Giants wide receiver David Tyree remembers entering that game with uncertainty after New York’s Friday practice.
Tyree said it was the worst practice of his professional career. He dropped numerous passes from Eli Manning but remained positive on the verge of his biggest game ever.
“If I drop one ball, it’s going to suck,” he said. “If I drop eight, it’s a whole lot more, but it’s still a negative reflection when you’re pursuing perfection.
“I think that’s the mindset that it takes to achieve something significant, something valuable. So I left it there. I got a nice little pat on the back from Eli after practice, and I was ready to go to work.”
Tyree scored the Giants’ opening touchdown – which didn’t come until midway through the fourth quarter – for a 10-7 lead with more than 11 minutes to play.
“When I scored the touchdown, to me that was the climax,” Tyree said. “That was a go-ahead touchdown in the fourth quarter. (Our) defense is playing lights out, and I have every reason to believe this is the moment that’s going to seal the deal.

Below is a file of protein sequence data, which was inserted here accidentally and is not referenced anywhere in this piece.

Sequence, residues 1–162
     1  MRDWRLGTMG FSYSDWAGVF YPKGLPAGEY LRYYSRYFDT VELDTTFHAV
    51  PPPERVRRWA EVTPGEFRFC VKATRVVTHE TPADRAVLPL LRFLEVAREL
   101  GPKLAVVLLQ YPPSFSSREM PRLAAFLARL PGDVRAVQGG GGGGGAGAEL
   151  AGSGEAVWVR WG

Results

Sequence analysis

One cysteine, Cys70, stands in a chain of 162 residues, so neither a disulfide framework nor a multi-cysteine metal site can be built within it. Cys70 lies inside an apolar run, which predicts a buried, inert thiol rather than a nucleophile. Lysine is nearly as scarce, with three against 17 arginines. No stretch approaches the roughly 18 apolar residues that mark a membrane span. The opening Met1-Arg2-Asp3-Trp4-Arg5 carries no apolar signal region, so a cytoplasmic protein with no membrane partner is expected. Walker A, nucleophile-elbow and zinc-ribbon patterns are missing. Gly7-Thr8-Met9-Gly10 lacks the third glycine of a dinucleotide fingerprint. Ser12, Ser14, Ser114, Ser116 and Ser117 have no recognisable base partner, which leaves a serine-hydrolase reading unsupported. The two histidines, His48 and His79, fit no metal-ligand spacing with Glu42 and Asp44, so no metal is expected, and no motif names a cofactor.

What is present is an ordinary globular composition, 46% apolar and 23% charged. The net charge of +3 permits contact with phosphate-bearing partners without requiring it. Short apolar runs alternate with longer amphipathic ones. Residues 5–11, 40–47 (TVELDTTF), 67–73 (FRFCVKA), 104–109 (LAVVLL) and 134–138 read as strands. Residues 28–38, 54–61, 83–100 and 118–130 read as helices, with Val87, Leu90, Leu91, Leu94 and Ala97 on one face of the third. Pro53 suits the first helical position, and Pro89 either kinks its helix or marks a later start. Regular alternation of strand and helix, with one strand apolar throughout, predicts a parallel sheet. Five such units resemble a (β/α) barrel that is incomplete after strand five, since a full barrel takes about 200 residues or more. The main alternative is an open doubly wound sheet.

“It was rewarding, definitely a great sense of fulfillment in light of all the preparation till that moment.”
Tyree had every right to feel confident. The Giants defense had held New England without a score since the first play of the second quarter. However, the Patriots’ scoring drought ended on a Brady-to-Moss touchdown pass with 2:42 remaining to take a 14-10 lead.
The Giants needed a game-winning drive against perhaps the best team ever assembled and arguably the greatest quarterback in NFL history in the biggest American sporting event.
Tyree and the Giants were ready to rise to the occasion.
“Honestly, in the moment, it’s quiet,” Tyree said. “The idea of being a high performer is that everything slows down. So if the game is moving too fast, it means you’re thinking, and the more you think the slower you move.
“So when you can slow the game down, that means you’re thinking less and operating at a high frequency.”
After a quick first down and a fourth-down conversion, the Giants found themselves in a third-and-5 situation, two plays away from going home empty-handed.
“The play call was ‘76 max union Y sail,” Tyree said. “On my side is Steve Smith in the slot, myself on the outside. (That) tells me we had the sail combination, which is the post on the outside as a Cover 4 beater, which is basically two deep safeties by playing a quarter.